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Article
September 1947

OCULAR CHANGES IN RATS ON DIETS DEFICIENT IN AMINO ACIDSII. Corneal Dystrophy Due to Valine Deficiency

Author Affiliations

With the Technical Assistance of Morgan Worthy NEW YORK
From the Department of Neuropathology, New York State Psychiatric Institute and Hospital.

Arch Ophthalmol. 1947;38(3):342-352. doi:10.1001/archopht.1947.00900010351006
Abstract

OSBORNE and Mendel1 were among the first investigators to demonstrate experimentally that some amino acids, although required only in a minimum amount, are essential to the life and development of animals. Their experiments were later confirmed by various authors, particularly Rose2 and co-workers,3 who established more definitely that of the twenty-two most important amino acids ten are absolutely essential to growing animals and eight are necessary for the maintenance of the nitrogen equilibrium in adult man. However, not enough attention was paid to possible structural involvement of the various tissues and organs in the absence of the specific amino acids. In more recent papers, Albanese and co-workers,4 Buschke,5 Maun and associates6 and we7 reported various structural changes associated with diets deficient in tryptophan,8 lysine,4b phenylalanine,6a leucine6b and histidine.6c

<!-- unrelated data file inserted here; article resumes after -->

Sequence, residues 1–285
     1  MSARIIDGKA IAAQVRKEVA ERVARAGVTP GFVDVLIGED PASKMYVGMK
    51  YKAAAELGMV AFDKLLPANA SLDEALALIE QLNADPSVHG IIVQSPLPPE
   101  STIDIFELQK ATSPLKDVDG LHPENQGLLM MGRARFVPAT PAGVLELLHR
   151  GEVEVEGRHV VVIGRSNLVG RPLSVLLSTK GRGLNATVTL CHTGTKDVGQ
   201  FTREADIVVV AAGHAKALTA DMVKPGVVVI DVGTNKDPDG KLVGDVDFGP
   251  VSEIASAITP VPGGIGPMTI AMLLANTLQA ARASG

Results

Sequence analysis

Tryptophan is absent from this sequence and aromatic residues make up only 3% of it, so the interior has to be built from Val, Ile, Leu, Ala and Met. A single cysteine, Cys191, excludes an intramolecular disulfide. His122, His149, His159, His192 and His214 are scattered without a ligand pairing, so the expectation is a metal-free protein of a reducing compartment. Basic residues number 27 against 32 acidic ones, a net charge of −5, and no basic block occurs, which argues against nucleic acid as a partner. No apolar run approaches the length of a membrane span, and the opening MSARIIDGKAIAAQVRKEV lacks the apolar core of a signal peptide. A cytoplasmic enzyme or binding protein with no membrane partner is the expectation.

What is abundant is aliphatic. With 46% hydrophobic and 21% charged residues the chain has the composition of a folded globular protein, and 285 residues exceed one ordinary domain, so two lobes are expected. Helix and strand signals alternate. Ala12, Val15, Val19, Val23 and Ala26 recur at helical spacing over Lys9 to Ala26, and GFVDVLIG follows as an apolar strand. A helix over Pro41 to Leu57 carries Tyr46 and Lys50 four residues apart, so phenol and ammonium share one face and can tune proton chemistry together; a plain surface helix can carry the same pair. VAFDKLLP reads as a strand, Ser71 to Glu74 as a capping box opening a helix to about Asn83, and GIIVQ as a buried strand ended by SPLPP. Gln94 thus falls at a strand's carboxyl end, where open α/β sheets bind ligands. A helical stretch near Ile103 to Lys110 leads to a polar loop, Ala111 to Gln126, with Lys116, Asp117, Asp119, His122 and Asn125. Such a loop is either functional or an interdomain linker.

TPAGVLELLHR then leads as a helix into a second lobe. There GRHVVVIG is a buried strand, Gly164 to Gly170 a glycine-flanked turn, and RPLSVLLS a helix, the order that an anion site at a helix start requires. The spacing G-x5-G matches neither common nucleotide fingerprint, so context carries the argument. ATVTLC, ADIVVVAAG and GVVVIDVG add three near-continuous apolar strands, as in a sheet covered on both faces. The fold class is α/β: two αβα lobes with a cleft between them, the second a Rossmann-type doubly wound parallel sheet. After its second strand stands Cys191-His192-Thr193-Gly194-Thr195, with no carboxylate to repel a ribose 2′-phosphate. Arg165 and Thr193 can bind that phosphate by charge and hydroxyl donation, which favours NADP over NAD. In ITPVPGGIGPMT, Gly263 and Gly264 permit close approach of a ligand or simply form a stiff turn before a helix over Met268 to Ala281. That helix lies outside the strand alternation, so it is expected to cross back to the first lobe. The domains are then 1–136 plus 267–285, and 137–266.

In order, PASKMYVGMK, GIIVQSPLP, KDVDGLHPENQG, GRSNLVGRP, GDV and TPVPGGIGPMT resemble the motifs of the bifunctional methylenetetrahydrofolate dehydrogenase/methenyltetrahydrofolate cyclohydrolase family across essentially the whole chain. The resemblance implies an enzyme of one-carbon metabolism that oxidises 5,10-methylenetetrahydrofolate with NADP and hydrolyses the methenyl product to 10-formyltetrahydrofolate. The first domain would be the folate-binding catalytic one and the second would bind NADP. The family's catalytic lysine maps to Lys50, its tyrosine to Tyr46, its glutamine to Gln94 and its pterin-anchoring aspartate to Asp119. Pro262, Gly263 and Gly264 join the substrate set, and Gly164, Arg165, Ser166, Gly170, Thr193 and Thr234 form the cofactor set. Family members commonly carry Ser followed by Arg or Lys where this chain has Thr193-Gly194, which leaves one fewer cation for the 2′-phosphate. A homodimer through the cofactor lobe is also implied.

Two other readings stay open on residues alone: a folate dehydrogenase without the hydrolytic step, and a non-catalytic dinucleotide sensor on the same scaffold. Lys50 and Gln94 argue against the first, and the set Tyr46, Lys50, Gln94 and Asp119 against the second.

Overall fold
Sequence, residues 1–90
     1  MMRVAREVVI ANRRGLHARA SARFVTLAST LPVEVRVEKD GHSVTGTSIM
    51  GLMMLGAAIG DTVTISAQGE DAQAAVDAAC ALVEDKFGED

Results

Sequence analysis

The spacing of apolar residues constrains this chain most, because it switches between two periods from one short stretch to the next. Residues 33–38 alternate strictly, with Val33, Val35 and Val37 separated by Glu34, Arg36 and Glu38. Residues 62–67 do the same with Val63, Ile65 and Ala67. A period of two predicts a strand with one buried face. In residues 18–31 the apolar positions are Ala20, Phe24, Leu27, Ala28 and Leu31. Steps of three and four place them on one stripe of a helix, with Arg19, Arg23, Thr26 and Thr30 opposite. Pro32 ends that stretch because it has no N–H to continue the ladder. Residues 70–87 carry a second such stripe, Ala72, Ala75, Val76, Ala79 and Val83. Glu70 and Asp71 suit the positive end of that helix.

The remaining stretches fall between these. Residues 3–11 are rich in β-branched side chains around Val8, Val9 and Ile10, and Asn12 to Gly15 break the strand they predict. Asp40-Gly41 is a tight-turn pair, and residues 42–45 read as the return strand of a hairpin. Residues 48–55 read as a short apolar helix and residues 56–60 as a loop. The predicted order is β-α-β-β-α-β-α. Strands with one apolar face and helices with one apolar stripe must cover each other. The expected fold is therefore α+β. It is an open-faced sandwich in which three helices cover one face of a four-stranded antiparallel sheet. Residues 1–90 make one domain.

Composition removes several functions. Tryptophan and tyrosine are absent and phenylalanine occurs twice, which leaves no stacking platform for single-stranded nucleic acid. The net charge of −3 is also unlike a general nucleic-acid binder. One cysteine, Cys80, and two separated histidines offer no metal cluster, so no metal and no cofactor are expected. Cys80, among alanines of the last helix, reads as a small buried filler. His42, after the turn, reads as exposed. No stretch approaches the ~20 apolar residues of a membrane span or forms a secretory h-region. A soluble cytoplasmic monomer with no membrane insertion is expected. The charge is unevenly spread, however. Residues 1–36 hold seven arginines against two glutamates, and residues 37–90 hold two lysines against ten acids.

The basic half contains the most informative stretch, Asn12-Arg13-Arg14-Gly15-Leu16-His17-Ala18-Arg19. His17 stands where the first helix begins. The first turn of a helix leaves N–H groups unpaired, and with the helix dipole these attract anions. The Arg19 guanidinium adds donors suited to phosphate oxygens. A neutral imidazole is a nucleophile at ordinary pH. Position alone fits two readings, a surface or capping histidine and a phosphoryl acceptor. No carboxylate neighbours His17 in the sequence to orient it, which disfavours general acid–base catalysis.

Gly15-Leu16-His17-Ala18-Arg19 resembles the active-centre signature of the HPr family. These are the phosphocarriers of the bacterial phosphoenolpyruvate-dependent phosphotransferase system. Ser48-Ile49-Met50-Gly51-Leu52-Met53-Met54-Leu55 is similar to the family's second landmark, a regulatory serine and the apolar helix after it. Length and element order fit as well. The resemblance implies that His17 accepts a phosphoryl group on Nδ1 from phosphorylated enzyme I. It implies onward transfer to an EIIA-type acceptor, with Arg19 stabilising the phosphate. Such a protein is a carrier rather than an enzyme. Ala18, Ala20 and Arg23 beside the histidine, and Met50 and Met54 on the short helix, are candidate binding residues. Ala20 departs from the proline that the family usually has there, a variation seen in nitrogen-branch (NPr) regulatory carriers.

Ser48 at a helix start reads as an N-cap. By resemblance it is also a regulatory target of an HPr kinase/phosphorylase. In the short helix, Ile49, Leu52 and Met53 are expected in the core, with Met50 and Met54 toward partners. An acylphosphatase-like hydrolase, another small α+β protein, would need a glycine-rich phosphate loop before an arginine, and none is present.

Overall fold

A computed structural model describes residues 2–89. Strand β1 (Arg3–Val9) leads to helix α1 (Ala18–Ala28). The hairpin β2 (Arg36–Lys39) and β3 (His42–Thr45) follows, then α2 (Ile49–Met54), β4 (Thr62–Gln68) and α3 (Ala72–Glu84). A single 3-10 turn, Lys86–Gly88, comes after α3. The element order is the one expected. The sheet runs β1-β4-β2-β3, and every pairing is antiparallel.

In the report on rats maintained on tryptophan-deficient diets,7

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